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Indybay Feature

Environmental Racism Cited in Earth Day Protest at City Hall

by Leon Kunstenaar
Bayview Hunters Point & Treasure Island Residents deliver Earth Day Demands to Mayor Breed & Board of Supervisors
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Photos: Leon Kunstenaar / Pro Bono Photo

On Thursday April 22nd, on the front steps of San Francisco's City Hall, residents of Bayview Hunters Point and Treasure Island spoke out.

The residents demanded that San Francisco Mayor London Breed and the Board of Supervisors take immediate action to support urgent community demands for health and justice regarding radioactive and toxic contamination at the Hunters Point Shipyard Superfund Site and Treasure Island. Twenty-seven community, environmental justice, environmental, climate and social justice organizations united to co-sponsor the rally.

Furthermore, they demanded that city officials protect the people in communities being harmed by the dangerous pollution at these sites instead of protecting the Navy and the corporate profits of Lennar and other luxury developers.

Located in San Francisco Bay, Treasure Island was created in 1936 and was developed for the 1939 Golden Gate International Exposition. In 1941, the City of San Francisco leased it to the Navy for the duration of World War II and then turned it over to the Navy. Activities conducted at Naval Station Treasure Island included military firing areas, weapons storage, ship and aircraft storage and refueling, illegal dumping, open burning of "debris," and repairing ships with deck markers painted with radium.

After WWII, the Navy established a training center for radiological decontamination, where the mock ship USS Pandemonium helped Navy students prepare for radiological warfare. The land-based vessel contained cesium-137, a radioactive isotope. Students practiced decontamination by scrubbing the ship.

Over the next 30 years, the Navy dumped radioactive material and other contaminants in large rubbish pits. Starting in the 1960s, Navy families lived on the base, which closed in September 1997.

Though San Francisco plans up to 8,000 new residences, hotels, shops and offices on Treasure Island, contaminants of concern found at Treasure Island include radioactive wastes, polychlorinated biphenyls (PCBs), dioxins, lead, PAHs (polyaromatic hydrocarbons, arsenic. pesticides, paints, waste oil and fuel, solvents, asbestos, acids, and heavy metals, according to the California Environmental Protection Agency/Department of Toxic Substances Control (DTSC).

While the Navy says it is cleaning up the area, activist say that in addition to the fact that significant contamination remains, including next to homes, there is concern about the adequacy of cleanup activities.

One of the main companies involved in "cleaning up" contamination at Treasure Island was Tetra Tech - the same company that has been found to have committed massive fraud in the botched cleanup of the Hunters Point Shipyard Superfund Site in Bayview Hunters Point. Whistleblowers who worked at Treasure Island have come forward with alarming reports of similar fraud at Treasure Island - yet the government has refused to investigate.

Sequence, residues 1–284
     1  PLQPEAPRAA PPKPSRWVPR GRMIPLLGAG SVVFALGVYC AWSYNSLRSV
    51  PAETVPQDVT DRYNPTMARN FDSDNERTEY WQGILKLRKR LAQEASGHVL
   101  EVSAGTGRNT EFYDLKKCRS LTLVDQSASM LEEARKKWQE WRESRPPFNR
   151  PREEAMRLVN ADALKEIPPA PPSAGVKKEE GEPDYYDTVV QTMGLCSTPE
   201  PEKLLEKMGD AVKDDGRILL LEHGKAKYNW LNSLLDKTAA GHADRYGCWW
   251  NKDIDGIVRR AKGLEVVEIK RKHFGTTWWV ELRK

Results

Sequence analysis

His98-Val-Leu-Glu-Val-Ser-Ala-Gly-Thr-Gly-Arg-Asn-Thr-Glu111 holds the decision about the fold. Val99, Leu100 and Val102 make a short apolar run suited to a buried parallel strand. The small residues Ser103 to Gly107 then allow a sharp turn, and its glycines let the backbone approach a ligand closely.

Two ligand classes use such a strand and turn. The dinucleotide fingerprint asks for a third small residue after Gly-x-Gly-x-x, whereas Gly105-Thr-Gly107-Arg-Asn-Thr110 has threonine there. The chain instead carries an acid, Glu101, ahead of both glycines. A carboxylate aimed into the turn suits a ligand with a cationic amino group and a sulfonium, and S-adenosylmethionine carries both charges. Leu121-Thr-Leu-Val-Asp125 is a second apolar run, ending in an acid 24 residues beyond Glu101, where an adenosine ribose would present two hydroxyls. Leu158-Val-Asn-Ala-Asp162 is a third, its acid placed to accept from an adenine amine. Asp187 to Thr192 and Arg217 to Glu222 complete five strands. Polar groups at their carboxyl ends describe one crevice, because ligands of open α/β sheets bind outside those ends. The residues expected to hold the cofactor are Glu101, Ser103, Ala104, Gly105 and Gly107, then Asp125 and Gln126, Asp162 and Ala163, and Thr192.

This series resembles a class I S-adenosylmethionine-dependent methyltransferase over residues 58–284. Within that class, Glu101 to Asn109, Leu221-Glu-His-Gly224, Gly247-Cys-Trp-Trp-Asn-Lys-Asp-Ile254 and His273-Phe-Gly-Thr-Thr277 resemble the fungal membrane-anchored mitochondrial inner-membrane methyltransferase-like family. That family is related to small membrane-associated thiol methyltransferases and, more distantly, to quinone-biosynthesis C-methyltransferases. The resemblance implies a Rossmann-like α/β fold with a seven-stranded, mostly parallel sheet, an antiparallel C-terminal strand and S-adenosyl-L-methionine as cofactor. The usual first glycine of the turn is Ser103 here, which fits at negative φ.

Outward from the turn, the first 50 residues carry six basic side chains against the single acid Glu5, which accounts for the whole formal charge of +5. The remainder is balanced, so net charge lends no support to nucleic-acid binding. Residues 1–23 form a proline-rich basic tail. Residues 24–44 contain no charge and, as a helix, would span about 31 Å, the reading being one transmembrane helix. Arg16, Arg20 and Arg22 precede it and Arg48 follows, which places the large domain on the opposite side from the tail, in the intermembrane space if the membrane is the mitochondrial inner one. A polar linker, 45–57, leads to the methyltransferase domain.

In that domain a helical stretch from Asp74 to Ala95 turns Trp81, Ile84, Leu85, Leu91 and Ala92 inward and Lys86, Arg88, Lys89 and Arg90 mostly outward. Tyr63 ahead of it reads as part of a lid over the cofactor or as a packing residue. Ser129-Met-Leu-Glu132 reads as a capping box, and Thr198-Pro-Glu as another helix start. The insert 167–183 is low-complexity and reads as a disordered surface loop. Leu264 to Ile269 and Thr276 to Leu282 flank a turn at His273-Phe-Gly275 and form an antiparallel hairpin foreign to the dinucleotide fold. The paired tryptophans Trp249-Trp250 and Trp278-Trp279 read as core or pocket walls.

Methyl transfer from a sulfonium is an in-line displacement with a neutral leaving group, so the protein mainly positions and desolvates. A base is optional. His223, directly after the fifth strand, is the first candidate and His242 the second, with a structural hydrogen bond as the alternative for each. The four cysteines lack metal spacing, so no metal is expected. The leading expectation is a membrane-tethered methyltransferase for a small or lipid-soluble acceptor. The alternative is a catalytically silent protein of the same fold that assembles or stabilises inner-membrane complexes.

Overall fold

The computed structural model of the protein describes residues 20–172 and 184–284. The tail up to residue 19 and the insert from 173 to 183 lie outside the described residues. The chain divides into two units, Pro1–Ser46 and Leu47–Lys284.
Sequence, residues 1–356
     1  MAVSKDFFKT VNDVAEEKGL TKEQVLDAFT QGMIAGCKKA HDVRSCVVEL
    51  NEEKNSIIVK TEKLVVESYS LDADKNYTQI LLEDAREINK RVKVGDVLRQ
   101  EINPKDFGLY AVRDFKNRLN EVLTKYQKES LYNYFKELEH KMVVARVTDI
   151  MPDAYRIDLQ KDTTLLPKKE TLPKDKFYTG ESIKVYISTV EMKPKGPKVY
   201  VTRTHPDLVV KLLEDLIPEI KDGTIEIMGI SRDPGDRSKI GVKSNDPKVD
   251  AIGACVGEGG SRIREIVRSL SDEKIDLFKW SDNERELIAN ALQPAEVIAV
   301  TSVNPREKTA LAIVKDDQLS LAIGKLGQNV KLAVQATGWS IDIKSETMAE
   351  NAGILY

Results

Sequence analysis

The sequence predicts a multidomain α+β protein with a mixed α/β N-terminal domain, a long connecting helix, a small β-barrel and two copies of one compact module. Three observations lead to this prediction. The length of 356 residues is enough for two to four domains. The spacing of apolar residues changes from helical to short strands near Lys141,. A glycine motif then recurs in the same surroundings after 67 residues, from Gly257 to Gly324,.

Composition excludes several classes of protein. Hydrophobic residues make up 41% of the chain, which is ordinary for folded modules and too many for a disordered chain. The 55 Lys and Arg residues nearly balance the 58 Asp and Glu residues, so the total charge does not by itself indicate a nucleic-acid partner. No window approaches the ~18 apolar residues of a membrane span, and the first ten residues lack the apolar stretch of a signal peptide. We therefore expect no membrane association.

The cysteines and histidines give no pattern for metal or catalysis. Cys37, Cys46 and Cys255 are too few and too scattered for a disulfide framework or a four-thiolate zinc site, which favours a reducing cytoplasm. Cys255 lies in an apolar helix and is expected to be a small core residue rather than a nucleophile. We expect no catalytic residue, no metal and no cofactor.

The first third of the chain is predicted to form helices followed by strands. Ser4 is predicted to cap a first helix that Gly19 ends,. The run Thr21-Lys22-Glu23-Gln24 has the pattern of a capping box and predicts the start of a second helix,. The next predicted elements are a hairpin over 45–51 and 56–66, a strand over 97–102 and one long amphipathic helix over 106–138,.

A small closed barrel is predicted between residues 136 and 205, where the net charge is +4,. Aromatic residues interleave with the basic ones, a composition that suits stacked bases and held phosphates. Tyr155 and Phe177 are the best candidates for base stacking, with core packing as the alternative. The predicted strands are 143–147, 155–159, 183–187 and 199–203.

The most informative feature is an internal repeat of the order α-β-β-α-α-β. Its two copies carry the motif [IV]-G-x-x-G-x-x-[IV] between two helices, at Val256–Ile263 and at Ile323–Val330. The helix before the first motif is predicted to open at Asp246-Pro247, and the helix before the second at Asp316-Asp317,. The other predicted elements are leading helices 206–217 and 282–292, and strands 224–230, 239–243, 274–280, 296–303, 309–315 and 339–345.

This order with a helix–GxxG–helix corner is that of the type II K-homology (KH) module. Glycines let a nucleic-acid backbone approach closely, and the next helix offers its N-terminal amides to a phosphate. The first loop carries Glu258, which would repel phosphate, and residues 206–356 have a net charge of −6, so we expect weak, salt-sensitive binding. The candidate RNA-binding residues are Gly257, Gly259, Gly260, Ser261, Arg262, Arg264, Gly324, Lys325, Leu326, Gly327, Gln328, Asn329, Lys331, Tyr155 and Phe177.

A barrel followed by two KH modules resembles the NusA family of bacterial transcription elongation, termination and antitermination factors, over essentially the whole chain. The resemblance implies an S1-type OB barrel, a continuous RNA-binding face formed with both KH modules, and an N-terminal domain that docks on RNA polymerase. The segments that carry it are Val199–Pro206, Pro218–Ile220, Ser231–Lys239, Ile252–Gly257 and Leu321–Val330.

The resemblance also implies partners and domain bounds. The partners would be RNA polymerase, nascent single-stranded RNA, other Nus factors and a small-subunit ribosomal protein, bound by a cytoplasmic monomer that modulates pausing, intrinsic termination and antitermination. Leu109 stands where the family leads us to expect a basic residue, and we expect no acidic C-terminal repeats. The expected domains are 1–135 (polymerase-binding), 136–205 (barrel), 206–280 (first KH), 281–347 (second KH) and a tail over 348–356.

After the Navy base closed, it was turned over to the City of San Francisco. City legislation required the city to use Treasure Island to help house low income people. It has continued to provide subsidized housing - according to the census, 1,561 residents of the total 3,129 live below the poverty line.

Many low income people of color live in subsidized housing literally feet from radioactive and toxic waste sites. Most residents live on Site 12, which was previously used by the Navy for an ammunition bunker and storage area, and contains contaminants including polychlorinated biphenyls, polyaromatic hydrocarbons, dioxins, arsenic, lead, and radium 226.

Residents are advised not to dig, garden, or drag soil inside their homes. Soil samples taken by the Navy contained elevated levels of lead, DDT, dioxins, PCBs, PAHs, motor oil pollutants, arsenic, and vanadium. These contaminants are located in resident's backyards, the elementary schoolyard, and daycare center. Because of these contaminants, digging is prohibited.

Speakers were:
  • Arieann Harrison, Marie Harrison Community Foundation Leaotis Martin, Bayview Hunters Point Mothers and Fathers Committee
  • Gwen Woods, Hunters Point Community Lawsuit Plaintiff
  • Sabrina Hall, Greenaction for Health and Environmental Justice
  • Gloria Berry, SF Democratic County Central Committee member
  • Dr. Mark Alexander, Epidemiologist
  • Dr. Ahimsa Sumchai, Hunters Point Community Biomonitoring Project
  • Aude Bouagnon, PhD, neuroscientist, medical student, member of San Francisco Physicians for Social Responsibilit
  • Stanley Goff, Attorney, Treasure Island Community Lawsuit
  • Carol Harvey, Investigative Journalist
  • Alyce James, former BVHP resident •
  • Chalam Tubati, BVHP resident
  • 30 second statements from Mothers/Fathers and anyone we forgot to include
  • Bradley Angel, Greenaction for Health and Environmental Justice
  • Elaine Brown
  • Margaret Gordon, California Environmental Justice Coalition, and the West Oakland Environmental Indicators Project


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